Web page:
#3: Check in with your customers (more so than usual). 

Find out how customers are doing and ask how you can help. Let them know they’re on your mind during a challenging time. 

While B2B business hasn’t been impacted as severely as B2C companies, many are still feeling the difficulties. Here are tips for connecting with customers. 

  • Ask, “How have your needs changed in the past few weeks?” Some industries (like restaurants, travel, and events) are taking a serious hit; others (like healthcare) are feeling overwhelmed and might need your help more than ever. Send customers a message to see if there is anything you can do to make their transition into “the new normal” a bit easier. 
  • Remember the long term. In these difficult times, giving clients some relief can make them loyal to your business forever. If you have clients who are struggling to make ends meet because of the crisis, see if you can relieve some financial stress – maybe through discounts or pulling back on some services. While it could hurt your bottom line now, the customer will never forget you were there for them when they needed it.
  • Keep conversations organized in your CRM. Don’t rely on memory or sticky notes to remember what each lead or customer needs right now. Make sure to input all that information into your CRM so each team member is on the same page and you can easily refer back to it as necessary. (RevenueGrid auto-captures data to keep your CRM updated without any extra work on your team’s plate.) 

#4: Be strategic about your sales approach right now. 

The key to selling during a global pandemic is to be smart about who you’re connecting with and what you’re offering. You don’t want to be the next company going viral for a tone-deaf sales email. 

Here are some things to keep in mind when prospecting. 

  • Think about the end user. Sure, you might be selling to businesses, but who is on the other end of that company’s business model? If they’re selling non-essential items to consumers, they’re probably not looking to purchase anything new at this time. Before your salespeople cold call, make sure they’ve thought about the unique challenges prospects are experiencing during this time.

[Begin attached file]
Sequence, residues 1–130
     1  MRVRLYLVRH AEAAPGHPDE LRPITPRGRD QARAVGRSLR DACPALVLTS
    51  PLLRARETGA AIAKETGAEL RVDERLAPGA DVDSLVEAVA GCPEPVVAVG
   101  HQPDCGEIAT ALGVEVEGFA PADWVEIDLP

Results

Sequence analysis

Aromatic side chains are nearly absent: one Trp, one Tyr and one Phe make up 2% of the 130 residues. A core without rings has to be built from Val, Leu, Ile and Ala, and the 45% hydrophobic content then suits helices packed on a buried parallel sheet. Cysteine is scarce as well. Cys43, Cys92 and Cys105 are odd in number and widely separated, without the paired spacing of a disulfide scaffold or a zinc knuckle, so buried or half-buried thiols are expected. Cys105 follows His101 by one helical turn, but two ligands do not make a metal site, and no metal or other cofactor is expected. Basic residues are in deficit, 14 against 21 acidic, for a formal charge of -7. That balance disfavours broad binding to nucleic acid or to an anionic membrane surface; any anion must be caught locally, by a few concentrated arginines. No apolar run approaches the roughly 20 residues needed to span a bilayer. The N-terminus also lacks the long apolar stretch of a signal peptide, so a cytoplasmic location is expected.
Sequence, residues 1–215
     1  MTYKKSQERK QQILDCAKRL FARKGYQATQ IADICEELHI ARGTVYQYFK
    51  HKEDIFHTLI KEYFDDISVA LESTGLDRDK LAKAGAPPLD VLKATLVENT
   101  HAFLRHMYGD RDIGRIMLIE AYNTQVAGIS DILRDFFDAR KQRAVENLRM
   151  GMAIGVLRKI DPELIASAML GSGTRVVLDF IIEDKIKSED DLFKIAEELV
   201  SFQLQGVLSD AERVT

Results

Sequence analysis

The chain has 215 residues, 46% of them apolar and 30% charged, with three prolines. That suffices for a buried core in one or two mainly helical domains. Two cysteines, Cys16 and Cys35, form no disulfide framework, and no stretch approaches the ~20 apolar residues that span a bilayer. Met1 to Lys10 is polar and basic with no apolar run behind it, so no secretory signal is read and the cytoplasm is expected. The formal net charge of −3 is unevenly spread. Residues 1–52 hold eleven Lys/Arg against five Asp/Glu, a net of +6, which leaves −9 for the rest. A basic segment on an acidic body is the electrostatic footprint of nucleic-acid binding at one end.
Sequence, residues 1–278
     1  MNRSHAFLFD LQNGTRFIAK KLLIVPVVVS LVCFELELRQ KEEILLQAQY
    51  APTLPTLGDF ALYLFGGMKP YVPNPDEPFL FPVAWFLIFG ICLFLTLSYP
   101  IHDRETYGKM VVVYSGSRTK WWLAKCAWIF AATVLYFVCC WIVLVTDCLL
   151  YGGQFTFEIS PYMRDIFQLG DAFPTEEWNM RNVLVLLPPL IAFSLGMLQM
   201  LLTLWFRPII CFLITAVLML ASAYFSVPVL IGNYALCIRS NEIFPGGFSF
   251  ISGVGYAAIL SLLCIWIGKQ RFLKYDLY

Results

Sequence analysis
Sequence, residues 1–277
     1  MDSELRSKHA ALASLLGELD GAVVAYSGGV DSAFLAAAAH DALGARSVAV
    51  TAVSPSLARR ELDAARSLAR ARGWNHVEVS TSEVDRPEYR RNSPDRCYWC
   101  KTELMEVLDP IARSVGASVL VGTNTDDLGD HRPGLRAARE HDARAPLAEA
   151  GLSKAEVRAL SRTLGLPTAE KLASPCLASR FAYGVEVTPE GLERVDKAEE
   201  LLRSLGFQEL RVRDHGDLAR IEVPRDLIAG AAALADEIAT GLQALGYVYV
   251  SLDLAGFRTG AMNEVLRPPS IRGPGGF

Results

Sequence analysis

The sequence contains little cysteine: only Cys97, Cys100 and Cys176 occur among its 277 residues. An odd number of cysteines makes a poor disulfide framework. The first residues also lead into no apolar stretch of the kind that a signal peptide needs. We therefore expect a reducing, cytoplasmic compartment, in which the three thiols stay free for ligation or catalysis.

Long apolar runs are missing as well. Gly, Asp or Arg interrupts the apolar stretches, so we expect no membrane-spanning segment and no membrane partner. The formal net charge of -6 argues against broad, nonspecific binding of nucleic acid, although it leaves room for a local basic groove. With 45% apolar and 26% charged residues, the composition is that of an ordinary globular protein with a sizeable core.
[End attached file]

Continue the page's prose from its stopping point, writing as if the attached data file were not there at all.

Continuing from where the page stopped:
• Be empathetic and transparent. Tell your team that now probably isn’t the time for jokes, hard sales pitches, or pretending like nothing has changed. The pandemic is affecting everyone, so an empathetic note can go a long way.
  • Focus on support, not selling. Right now, most companies aren’t thinking about buying. They’re looking for help. If you want to make a deal in challenging times like this, focus on supporting your target audience and prospect, not pitching.
  • Consider how you choose to follow up. You never know what the person on the other end is dealing with, especially in times like this. Don’t let your leads disappear completely, but don’t push. Consider adjusting your follow-up cadence (and language) accordingly.
  • Use automation to manage conversations. Email sequences through your sales engagement platform can keep conversations moving and help you stay on top of prospects’ behavior, so leads get messages and responses they need at just the right time. Keep an eye on engagement analytics to know who might be ready to buy and who might need some additional support.  

The Best CSOs Are Prepared for Anything 

As the leader of your team, the best things you can do are stay flexible and keep thinking ahead. Be available to your team and keep two-way communication open. Check in on them every few days and make sure they know they can come to you if they have any challenges or questions, or if they need some additional support. While we might be living in an unprecedented time, we can get through it together.

Julia Nimchynska is PR and marketing manager of Revenue Grid.